I had never been to the Edinburgh Fringe before, and despite hearing many things I wasn’t quite sure what to expect as I sat, bottom aching from the long tiresome journey. I had been warned of the rowdy Scottish Taxi men (I later discovered it was the cockney ones I needed to watch out for), the bumping into barely famous celebrities that you know you recognised from somewhere, the cheap booze and the madness of the Royal Mile. The stories of friends previous experiences and nightmare stories are usually enough to make anyone uneasy and excited. But I had an added pressure. The pressure of being in a play.
‘Sentinels’ was a tricky piece of theatre from the day we began to create it. The obscure jumps in time and location, unclear characters and hazy structure was enough to confuse us, let alone an unsuspecting audience. It didn’t help that the blurb promoting our show on the Fringe website, app and brochure we’d written back in March had close to nothing in comparison to what we had actually created in the previous 3 weeks. As we sat on the train, heavy wooden boxes in laps, overhead lockers and luggage carriers (these were props… we wouldn’t carry them around by choice… trust me they were very heavy) we began to worry. For the first time, I had no idea if the show I was in was actually any good. For so many of us, this was by far the most complex and challenging piece of theatre we had ever been involved in. Were the audience going to understand it? Or even like it at all?
The pressure we felt was overwhelming. This was Babolin’s 7th Fringe show and the company had excelled in popularity every year. Becoming fairly well-known for its quirky, humourous, playful style we weren’t sure how our unusually dark, complex and challenging piece would go down.
The day after arriving we had our tech rehearsal and our amazing director Rich Rusk (Nightlight, Gecko), who we had not seen for over a week, tweaked certain sections and gave us some last-minute feedback on our performances. We met the staff working at the Bedlam Theatre (the venue Babolin had grown to inhabit over the years), who were all so helpful and wonderful. We had been told by Rich to make an extra effort to be nice to the staff at the venue, after all these were the people who would be selling our show at the box office and lighting it (we wanted to be in their good books), however we all found that we didn’t need to make any ‘extra’ effort. They were all encouraging and very professional, and our cast became very defensive when some of the “other” company’s acted like divas and got their technicians attention by shouting “Oi Tech Girl!” rather than bothering to remember her name. But in general, even the majority of the other performers were enthusiastic and full of praise and feedback. At the Fringe Festival there is this sense of ‘in it together’. Whether it’s battling the weather on the royal mile, or doing a leaftlet swap with another group of performers.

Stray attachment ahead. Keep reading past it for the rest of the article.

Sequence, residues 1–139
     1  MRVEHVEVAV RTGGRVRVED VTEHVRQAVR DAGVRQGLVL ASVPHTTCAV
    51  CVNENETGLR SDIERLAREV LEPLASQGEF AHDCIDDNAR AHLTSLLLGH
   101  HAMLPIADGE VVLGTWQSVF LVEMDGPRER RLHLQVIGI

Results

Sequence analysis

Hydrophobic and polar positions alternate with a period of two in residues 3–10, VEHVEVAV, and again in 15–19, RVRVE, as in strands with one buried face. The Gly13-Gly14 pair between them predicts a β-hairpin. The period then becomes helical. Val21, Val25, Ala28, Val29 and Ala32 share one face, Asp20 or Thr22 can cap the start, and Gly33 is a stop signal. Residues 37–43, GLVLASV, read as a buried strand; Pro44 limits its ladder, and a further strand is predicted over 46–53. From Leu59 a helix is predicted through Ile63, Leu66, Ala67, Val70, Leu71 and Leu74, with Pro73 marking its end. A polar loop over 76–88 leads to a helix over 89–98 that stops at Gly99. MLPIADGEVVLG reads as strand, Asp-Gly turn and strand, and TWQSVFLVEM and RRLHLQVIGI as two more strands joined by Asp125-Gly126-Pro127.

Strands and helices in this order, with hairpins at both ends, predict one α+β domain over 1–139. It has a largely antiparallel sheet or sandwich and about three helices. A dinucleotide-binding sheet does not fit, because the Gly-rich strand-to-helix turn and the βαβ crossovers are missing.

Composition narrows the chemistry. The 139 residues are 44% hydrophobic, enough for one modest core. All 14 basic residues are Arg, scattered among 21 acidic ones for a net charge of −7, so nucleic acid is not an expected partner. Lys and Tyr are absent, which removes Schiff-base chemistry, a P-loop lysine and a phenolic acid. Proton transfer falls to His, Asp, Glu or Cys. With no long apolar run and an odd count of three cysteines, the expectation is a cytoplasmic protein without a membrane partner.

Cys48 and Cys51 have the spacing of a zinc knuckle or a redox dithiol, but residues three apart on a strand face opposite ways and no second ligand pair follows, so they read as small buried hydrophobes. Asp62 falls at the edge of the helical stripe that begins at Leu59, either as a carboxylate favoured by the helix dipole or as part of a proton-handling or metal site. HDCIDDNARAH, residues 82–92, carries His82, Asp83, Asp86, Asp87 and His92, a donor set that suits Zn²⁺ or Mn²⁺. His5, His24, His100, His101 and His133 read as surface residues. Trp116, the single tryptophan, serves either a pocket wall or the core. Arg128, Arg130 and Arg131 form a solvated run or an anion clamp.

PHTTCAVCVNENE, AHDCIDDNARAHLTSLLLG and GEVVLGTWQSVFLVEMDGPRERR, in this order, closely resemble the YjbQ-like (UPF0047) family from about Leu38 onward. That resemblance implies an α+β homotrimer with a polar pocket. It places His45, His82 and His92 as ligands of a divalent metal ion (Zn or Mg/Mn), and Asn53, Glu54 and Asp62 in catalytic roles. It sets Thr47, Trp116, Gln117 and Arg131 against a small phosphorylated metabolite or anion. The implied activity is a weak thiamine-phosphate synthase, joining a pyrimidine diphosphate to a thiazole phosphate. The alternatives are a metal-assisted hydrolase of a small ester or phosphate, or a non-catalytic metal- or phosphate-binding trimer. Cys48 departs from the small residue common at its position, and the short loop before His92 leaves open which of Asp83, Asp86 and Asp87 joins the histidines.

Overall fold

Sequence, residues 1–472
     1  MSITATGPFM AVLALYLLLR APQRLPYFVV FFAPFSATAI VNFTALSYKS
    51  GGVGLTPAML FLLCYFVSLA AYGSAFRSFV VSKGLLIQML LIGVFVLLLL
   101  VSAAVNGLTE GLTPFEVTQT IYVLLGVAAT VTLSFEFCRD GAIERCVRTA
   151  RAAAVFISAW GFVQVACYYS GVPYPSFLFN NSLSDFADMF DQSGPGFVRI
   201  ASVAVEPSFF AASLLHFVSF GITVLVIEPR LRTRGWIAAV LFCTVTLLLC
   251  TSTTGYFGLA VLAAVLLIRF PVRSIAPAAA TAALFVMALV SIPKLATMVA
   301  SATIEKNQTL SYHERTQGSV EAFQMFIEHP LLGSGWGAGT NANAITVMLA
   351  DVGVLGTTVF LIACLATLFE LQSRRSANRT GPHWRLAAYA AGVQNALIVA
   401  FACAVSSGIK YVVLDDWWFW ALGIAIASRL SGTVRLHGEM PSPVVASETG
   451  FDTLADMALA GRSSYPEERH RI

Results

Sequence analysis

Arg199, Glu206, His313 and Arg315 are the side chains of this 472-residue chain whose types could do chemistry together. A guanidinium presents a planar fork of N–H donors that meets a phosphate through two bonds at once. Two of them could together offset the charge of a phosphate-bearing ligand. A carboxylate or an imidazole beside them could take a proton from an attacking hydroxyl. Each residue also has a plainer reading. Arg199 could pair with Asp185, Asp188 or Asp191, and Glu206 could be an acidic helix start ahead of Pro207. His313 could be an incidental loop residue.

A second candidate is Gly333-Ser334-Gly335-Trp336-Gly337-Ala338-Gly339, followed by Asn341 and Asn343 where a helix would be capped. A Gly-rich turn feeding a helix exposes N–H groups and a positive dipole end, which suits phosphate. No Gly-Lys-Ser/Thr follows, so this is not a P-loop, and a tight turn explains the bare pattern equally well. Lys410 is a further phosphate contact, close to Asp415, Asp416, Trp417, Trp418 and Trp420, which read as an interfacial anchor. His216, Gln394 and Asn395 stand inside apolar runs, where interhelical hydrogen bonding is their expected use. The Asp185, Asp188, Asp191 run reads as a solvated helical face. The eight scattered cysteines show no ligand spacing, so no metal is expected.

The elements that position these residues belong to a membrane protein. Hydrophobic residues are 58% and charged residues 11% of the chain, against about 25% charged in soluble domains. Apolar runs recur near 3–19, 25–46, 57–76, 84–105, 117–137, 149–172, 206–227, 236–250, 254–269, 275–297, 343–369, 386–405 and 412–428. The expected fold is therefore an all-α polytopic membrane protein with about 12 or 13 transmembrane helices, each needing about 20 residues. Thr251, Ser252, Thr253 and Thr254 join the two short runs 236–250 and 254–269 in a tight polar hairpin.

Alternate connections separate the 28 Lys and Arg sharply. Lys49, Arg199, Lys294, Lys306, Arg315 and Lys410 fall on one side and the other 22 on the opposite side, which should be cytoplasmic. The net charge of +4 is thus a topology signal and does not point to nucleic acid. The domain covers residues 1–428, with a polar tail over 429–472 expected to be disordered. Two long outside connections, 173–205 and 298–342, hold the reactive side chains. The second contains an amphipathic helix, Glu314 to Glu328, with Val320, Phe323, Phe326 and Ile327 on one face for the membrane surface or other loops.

The first few performances went by and any praise that we resieved felt like a little extra weight lifting off our backs. Especially as after the first show we were left feeling unmotivated and sacred that we hadn’t manged to pull it off. As the week went on, and we had relentless discussions between ourselves about if our show was actually any good and what people were saying about it, we came to realise that the mixed responses were actually a good thing. Our show was not for everyone. But at least it made people talk and think. Some of the shows at the fringe (well the ones I saw anyway) were just OK. The quality was good but some shows didn’t make me want to talk to my friends about it into the early hours of the morning over a drink. And believe me there were many shows that did have this effect! People who enjoyed our piece didn’t seem to like it but love it, complementing our “haunting musical score and spine chilling voices” saying it was “visually stunning” and “trance-like”. We had people on the mile saying it was their favorite show that they’d seen and found it refreshing to see such a young company tackling such a mature piece. And our own friends and family wouldn’t stop talking about certain characters and relationships as they tried to piece together sections and create new layers in their head. Some people were even willing to pay to see our show twice, which at the Edinburgh Fridge where there are thousands of shows on offer everyday is a massive compliment.
And then just like that our run was over. None of us wanted it to end, we didn’t want to have to go back home to do nothing. Especially with the daughting A-level result day learing closer and closer. We did pretty well on ticket sales and got a four star review from ‘Broadway Baby’. But ultimately the main achievement was having one of the best weeks of my life. Living with the cast (with amazingly no fights), performing everyday and seeing some of the most inspiring pieces of theatre in the world. Nothing can beat that feeling. Being a part of it had such a strong impact on people, some of us started to question our university choices, decided to start our own theatre companies or even change our career path entirely to stay within the theatre world. We were all changed people. And for the better.
If you have never been to the Edinburgh Fringe Festival, then do go. It is simply one of the most amazing experiences in one of the most beautiful cities.